The battle began on the morning of September 19, when Union forces met advanced units of Polk’s wing, which along with the rest of the Army of Tennessee was moving across the Chickamauga hoping to catch the Union forces off guard. As Polk’s men engaged the Federals during the morning, Longstreet’s corps moved into position on the left and launched attacks against the Union center and right.
Trigg’s brigade was one of the leading Confederate units in the assault on the Union right, which got underway by the afternoon. The 1st Florida Cavalry was the first Florida regiment to come under Federal fire. Federal mounted infantry dismounted to pepper the horseless Florida cavalrymen with rife fire which was eventually compounded by Union artillery barrages. The 1st Florida Cavalry retreated from this barrage, moving back to reform with the rest of the brigade. Meanwhile the 6th and 7th regiments attacked Union positions at Viniard Farm and, like the 1st’s cavalrymen, came under withering Federal artillery fire. The 6th was the most exposed regiment and experienced the worst of Trigg’s brigades fighting on the 19th. By the end of the day, the Union lines remained unbroken and Bragg’s army regrouped to attack on the following day. The Florida units had performed well, but the toll had been high, especially for the 6th Florida, which ended the day with 35 killed and 130 wounded.
Bragg’s army had much more luck on the 20th, but not at first. General Polk was supposed to attack the Union left during the early morning, but he dithered and did not launch the assault for several hours. Before noon, however, Longstreet’s wing took advantage of an unsupported movement by one of Rosecrans’ divisions which opened up a gap in the Union line. Longstreet’s men poured through the gap, causing panic in the Union center and right.
As those sectors of the Union line collapsed, the Confederates, including the Florida brigades, pressed the attack on the Union left, where troops under General George H. Thomas defended a series of small hills known as Horseshoe Ridge. Thomas’ men withstood repeated Confederate assaults and managed to hold out long enough for the Army of the Cumberland to avoid total defeat as it retreated to Chattanooga, which Bragg’s army soon besieged. Once again, it was the 6th Florida which sustained the most casualties among the Florida regiments as it tried to break the Union line along Horseshoe Ridge.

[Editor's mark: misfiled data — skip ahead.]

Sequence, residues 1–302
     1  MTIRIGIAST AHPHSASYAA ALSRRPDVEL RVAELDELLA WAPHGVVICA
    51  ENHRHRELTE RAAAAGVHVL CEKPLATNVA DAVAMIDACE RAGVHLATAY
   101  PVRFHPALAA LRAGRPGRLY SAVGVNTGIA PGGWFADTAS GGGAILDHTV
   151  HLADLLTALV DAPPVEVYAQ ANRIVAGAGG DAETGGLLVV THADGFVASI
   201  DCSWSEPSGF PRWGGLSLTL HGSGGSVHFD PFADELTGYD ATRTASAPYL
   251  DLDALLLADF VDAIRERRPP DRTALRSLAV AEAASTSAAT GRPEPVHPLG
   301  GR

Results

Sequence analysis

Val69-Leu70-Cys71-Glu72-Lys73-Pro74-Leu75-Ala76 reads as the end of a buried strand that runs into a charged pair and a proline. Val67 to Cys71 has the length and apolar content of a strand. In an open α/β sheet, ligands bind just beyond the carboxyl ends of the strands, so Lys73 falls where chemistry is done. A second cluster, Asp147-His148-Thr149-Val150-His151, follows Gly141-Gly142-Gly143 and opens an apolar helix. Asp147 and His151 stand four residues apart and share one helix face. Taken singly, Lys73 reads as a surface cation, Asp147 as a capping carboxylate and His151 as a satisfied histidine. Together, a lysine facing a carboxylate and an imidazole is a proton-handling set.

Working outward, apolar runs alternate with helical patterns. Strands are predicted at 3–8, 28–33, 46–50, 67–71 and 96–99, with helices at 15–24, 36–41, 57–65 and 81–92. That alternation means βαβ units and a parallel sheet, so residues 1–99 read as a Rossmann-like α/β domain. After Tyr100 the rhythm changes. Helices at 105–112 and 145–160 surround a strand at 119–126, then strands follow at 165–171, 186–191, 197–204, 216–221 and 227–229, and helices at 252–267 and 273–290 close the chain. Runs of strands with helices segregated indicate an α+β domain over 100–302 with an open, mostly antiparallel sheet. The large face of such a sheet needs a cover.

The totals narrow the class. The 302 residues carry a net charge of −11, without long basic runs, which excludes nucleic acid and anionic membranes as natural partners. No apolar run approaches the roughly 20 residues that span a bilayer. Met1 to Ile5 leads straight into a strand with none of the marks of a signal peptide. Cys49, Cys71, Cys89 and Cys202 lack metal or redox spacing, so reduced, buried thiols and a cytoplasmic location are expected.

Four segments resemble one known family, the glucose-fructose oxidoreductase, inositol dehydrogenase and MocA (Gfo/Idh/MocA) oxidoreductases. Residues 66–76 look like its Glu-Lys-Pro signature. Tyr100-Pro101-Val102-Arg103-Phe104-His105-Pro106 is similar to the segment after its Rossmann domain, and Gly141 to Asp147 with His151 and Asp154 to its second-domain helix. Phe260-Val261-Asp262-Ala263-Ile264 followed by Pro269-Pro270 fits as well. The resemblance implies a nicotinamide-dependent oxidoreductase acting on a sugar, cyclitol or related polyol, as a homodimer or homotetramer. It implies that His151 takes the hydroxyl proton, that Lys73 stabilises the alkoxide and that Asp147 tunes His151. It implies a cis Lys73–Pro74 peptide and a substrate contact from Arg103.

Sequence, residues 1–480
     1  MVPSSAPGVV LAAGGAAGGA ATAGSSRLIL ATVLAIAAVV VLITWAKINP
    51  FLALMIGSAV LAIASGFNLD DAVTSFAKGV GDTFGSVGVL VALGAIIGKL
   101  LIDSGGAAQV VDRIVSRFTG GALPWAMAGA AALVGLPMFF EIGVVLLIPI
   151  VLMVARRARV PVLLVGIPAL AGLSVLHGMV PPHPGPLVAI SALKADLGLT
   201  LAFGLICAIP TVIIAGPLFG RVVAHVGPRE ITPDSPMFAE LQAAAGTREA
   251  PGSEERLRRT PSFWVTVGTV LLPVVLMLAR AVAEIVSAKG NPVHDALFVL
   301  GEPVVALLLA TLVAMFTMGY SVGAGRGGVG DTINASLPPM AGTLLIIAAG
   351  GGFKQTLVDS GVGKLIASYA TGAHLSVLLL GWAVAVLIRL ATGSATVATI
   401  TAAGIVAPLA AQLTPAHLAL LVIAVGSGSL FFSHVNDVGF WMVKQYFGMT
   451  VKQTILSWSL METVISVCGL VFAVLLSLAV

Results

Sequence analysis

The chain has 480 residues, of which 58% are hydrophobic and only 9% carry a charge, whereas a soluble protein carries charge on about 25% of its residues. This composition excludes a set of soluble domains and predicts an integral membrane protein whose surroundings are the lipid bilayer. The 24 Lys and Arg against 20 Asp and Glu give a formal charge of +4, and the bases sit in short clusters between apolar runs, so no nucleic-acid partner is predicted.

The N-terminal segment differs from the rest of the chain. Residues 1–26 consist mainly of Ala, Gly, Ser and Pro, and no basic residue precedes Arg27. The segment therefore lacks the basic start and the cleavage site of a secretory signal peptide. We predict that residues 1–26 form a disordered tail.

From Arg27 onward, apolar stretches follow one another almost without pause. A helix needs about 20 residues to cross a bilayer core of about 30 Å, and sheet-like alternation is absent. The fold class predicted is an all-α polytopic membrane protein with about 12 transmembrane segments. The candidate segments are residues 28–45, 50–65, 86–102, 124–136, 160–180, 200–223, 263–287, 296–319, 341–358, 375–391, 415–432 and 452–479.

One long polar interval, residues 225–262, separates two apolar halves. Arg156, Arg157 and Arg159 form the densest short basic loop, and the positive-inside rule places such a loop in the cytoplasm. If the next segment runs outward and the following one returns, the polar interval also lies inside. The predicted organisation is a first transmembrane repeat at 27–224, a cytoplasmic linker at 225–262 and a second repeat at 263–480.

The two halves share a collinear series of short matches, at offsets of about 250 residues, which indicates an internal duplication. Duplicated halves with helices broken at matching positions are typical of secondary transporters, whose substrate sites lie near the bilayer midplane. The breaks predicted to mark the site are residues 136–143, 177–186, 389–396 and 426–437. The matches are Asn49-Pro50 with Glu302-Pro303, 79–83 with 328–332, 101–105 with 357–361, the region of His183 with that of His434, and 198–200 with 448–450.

At the end of the battle on the evening of the 20th, Washington M. Ives Jr., a young soldier in the 4th Florida, observed a portion of the appalling butcher’s bill that was Chickamauga: “During Sunday night the 20th inst I walked and rode nearly all over the bloody battle field of Chickamauga. Hundreds of dead lay on the ground, bloody and ghastly, most with faces upward and some with the arms sticking up as if reaching for something . . . .”
After the battle, the Army of Tennessee was also reaching for “something,” the recapture of Chattanooga, but failed to achieve it. Instead of destroying the Army of the Cumberland, within two months, Bragg’s army would endure its most devastating defeat and lose all of the gains that it had won at Chickamauga.
Washington Ives’ letters to his family are available for research in the manuscript collection of the State Library of Florida, where you will also find a copy of the history of the “Florida Brigade of the West”: Jonathan C. Sheppard, By the Noble Daring of Her Sons: The Florida Brigade of the Army of Tennessee (Tuscaloosa: University of Alabama Press, 2012).